"Although we understand the task of healing is just beginning, today's verdict is an important milestone," the statement said. "The community owes a measure of gratitude to the jurors for their diligent service. Our thoughts and prayers continue to be with the victims and their families."
The university, meanwhile, said it had "tremendous respect for the men who came forward to tell their stories publicly."
"No verdict can undo the pain and suffering caused by Mr. Sandusky, but we do hope this judgment helps the victims and their families along their path to healing," Penn State said in a statement.
Penn State said it will invite the victims to participate in a program to facilitate resolution.
"The university wants to provide a forum where the university can privately, expeditiously and fairly address the victims' concerns and compensate them for claims relating to the University."
The Sandusky case has infuriated the Penn State community, not just because of the heinous nature of the crimes, but also because the scandal has unfairly defined the university, students say.
"It's a relief. Now we can begin to heal," Penn State senior Karisa Maxwell said of the verdict. "I've never seen Jerry Sandusky. He has no affect on my education. For people to say he's Penn State is disgusting. That's not the case."
After a week of testimony, during which time witnesses graphically described sexual encounters with Sandusky that they said occurred during their boyhoods, jurors made their decision without ever having heard from Sandusky on the witness stand.
During closing arguments, prosecutors described the ex-Nittany Lions defensive coordinator as a pedophile who preyed on victims using a charity he founded for troubled children, repeatedly abusing young boys in his care.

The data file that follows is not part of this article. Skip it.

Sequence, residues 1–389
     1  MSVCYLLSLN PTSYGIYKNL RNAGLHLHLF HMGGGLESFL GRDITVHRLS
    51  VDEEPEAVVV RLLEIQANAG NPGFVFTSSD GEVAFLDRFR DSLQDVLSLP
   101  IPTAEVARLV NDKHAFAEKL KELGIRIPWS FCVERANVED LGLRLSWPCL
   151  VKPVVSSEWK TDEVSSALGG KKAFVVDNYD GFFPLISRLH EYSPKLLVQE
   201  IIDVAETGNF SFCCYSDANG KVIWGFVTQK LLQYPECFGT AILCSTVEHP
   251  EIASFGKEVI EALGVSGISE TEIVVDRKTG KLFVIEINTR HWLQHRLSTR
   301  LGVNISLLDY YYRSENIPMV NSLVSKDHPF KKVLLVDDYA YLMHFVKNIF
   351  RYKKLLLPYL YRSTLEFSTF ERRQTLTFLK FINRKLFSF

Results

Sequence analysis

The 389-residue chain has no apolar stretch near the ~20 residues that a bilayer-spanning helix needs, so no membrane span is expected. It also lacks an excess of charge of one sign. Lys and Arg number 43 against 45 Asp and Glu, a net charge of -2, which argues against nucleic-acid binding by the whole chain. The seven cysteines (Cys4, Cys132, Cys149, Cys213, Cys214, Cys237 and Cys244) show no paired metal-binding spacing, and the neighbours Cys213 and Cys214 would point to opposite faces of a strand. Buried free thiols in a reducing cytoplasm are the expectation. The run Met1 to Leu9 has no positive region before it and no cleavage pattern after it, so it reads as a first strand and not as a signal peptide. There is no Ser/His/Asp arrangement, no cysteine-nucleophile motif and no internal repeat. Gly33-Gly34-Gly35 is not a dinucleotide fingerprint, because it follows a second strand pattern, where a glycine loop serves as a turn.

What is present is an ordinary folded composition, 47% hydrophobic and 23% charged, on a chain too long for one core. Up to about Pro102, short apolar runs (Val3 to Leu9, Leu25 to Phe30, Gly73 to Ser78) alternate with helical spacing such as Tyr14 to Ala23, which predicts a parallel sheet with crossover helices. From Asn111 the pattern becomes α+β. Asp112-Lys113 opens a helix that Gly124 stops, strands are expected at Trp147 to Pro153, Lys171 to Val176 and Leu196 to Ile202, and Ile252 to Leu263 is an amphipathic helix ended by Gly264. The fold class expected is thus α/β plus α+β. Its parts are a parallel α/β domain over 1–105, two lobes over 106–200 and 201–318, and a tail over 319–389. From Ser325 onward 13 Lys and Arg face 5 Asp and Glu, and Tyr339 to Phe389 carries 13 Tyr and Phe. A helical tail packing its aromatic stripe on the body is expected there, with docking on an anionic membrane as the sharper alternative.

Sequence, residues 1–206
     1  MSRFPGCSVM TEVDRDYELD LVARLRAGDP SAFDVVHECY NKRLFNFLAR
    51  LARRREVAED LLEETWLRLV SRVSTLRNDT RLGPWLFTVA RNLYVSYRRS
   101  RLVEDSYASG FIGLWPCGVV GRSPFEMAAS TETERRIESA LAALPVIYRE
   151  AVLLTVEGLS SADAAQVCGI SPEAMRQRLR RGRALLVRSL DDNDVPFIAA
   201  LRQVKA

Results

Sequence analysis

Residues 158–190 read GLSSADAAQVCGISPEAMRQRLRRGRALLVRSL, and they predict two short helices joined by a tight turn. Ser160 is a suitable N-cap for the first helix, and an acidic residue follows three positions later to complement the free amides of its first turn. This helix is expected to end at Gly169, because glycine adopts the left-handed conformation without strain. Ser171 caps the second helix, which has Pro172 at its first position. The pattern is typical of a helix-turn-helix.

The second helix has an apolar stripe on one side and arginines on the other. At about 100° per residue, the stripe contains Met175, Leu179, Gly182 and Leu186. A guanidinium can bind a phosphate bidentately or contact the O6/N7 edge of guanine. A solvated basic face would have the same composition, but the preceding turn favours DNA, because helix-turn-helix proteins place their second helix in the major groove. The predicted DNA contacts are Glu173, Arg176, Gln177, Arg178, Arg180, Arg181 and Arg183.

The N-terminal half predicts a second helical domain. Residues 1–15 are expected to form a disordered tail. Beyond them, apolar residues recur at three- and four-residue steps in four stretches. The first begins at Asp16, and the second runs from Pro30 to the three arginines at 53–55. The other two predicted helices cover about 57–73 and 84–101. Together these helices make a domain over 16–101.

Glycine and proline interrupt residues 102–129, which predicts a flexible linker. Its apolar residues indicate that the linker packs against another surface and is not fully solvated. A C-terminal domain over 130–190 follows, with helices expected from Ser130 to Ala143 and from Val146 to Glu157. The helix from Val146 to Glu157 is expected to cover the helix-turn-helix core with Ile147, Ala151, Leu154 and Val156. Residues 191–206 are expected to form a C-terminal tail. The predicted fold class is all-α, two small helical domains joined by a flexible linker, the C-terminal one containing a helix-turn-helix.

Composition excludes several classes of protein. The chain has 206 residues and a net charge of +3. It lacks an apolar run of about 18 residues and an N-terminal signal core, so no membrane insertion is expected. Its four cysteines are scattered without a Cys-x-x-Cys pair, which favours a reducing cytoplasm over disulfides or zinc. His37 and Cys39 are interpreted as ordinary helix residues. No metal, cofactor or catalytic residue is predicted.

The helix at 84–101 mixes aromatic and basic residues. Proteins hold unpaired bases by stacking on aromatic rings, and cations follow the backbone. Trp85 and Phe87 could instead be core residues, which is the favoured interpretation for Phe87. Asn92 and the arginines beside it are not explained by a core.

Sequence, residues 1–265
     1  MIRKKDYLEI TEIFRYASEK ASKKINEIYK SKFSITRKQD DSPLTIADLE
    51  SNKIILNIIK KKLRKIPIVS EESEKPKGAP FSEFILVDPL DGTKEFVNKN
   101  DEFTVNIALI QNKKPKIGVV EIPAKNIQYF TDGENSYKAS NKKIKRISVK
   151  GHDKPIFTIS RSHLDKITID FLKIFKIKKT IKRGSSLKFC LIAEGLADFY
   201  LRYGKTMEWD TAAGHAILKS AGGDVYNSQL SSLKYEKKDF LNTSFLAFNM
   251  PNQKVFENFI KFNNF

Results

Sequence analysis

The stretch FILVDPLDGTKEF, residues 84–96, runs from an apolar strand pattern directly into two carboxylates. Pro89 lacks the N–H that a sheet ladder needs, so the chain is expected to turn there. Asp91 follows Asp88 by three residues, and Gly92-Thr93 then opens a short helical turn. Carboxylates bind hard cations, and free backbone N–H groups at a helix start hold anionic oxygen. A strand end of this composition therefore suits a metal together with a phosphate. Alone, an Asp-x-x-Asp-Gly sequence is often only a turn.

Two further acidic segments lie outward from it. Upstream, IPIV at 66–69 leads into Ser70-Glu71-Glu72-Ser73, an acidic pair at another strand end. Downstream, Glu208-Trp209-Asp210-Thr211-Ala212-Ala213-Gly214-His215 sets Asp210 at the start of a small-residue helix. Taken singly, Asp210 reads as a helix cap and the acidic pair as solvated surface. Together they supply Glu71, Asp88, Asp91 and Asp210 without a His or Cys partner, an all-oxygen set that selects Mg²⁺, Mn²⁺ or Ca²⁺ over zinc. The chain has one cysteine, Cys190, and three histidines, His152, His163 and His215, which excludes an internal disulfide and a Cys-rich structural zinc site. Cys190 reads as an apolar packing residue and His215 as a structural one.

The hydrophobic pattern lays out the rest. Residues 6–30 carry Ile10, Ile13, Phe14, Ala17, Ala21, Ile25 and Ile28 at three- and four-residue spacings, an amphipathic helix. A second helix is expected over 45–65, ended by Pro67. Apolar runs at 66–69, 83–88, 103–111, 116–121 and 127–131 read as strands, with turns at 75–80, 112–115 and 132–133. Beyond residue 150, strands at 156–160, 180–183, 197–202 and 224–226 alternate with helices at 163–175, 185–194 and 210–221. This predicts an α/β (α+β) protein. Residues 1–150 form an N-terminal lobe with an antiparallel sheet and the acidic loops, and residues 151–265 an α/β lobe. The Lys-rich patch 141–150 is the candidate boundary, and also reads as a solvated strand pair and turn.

The defense tried to pick apart the testimony of Mike McQueary, a former graduate assistant who testified that he witnessed Sandusky apparently sodomizing a boy in a university shower.
In a bombshell announcement Thursday evening, Matt Sandusky -- one of Jerry Sandusky's six adopted children -- said through his attorney that he was sexually abused by the former coach, adding that he had been prepared to testify against him.
Legal analysts say the accusation could bring additional charges, including incest charges, against the former coach.
The broader scandal has also brought charges against vice president Gary Schultz and former Athletic Director Tim Curley for perjury and failing to report the abuse.
Eight young men testified, often in disturbingly graphic detail, of how Sandusky forced them to engage in sexual acts in various places, including showers in the Penn State coaches' locker room, hotel rooms and the basement of his home.
On Tuesday, Sandusky's wife told jurors that she could remember at least six of her husband's accusers staying overnight at their house, but that she never witnessed sexual abuse.
The defense challenged the accusers' timetable, questioned the various allegations and called multiple character witness to defend Sandusky's stellar reputation in the community.
Though Friday night's verdict prompted cheers outside the courtroom, inside, the mother of Victim 6 did not claim victory.
"Nobody wins. We've all lost," she said before hugging her son.
CNN's Susan Candiotti, Elisa Roupenian, Ross Levitt, Jason Carroll, Dana Garrett, Laura Dolan, Holly Yan and Anderson Cooper and In Session's Michael Christian and Mayra Cuevas contributed to this report.